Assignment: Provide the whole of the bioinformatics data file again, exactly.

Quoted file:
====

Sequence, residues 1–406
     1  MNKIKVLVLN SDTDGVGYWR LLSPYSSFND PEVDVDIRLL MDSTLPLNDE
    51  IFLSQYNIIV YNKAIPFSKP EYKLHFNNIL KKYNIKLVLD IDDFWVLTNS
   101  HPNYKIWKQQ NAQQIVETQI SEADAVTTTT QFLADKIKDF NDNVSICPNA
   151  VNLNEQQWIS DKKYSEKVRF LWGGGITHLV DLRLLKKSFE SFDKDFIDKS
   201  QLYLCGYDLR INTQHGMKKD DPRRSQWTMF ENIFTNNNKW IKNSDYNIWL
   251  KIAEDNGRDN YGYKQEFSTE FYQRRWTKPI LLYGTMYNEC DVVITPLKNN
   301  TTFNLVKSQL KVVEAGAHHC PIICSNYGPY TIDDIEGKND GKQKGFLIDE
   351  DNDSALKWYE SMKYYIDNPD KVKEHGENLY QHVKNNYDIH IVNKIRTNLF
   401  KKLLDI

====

Sequence, residues 1–406
     1  MNKIKVLVLN SDTDGVGYWR LLSPYSSFND PEVDVDIRLL MDSTLPLNDE
    51  IFLSQYNIIV YNKAIPFSKP EYKLHFNNIL KKYNIKLVLD IDDFWVLTNS
   101  HPNYKIWKQQ NAQQIVETQI SEADAVTTTT QFLADKIKDF NDNVSICPNA
   151  VNLNEQQWIS DKKYSEKVRF LWGGGITHLV DLRLLKKSFE SFDKDFIDKS
   201  QLYLCGYDLR INTQHGMKKD DPRRSQWTMF ENIFTNNNKW IKNSDYNIWL
   251  KIAEDNGRDN YGYKQEFSTE FYQRRWTKPI LLYGTMYNEC DVVITPLKNN
   301  TTFNLVKSQL KVVEAGAHHC PIICSNYGPY TIDDIEGKND GKQKGFLIDE
   351  DNDSALKWYE SMKYYIDNPD KVKEHGENLY QHVKNNYDIH IVNKIRTNLF
   401  KKLLDI